Connect computer to battery

Discussion in 'General Electronics Chat' started by CVMichael, Aug 3, 2007.

  1. CVMichael

    Thread Starter Senior Member

    Aug 3, 2007
    416
    17
    How can I power a motherboard using batteries without going through the conversion to 110 then back to 12 V (and the other voltages)
    I mean, right now, I have a UPS system that has a 12V battery, the UPS converts that to 110V, then the computer power supply, converts back to 12V (and the other voltages)

    This is the ATX connector for the motherboard, and it shows the voltages it needs.
    [​IMG]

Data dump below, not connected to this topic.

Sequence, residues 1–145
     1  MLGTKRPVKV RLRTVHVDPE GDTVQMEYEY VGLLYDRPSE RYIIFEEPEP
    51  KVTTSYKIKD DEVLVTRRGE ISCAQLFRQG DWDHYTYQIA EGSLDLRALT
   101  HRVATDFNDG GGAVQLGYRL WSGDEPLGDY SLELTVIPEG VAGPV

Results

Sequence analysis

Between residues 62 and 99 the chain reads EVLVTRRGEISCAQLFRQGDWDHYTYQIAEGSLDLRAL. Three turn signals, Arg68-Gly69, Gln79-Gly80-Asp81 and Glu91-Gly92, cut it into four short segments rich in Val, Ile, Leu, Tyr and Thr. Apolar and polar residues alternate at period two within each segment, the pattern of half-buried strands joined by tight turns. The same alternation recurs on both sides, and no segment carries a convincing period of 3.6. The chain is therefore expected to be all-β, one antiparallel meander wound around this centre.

So, if I have 1 (or more) 12V batteries, how would I connect them to the computer ?

    Any help appreciated.
    Thanks
     
  2. n9352527

    AAC Fanatic!

    Oct 14, 2005
    1,198
    4
    The easiest way is to get a picoPSU, as long as your computer doesn't need more than 120W. If you need more power, then try other beefier PSUs, such as the M2-ATX or the PW-200 (look on the left hand side menu on the above page).
     
  3. CVMichael

    Thread Starter Senior Member

    Aug 3, 2007
    416
    17
    Thanks for your reply

    Actualy, "PicoPSU-120-WI-32V" looks more interesting becuase if I connect a battery to the device, then the battery will discharge, and therefore it won't be able to give 12V anymore.

    So I wast thinking that if I put 2, 12V batteries in series, making 24 V, then both batteries can be discharged (up to 6V) to provide the motherboard the 12V neccesary

    Also, do you think it can power a P5LD2 motherboard, with ~ 4GHz CPU ?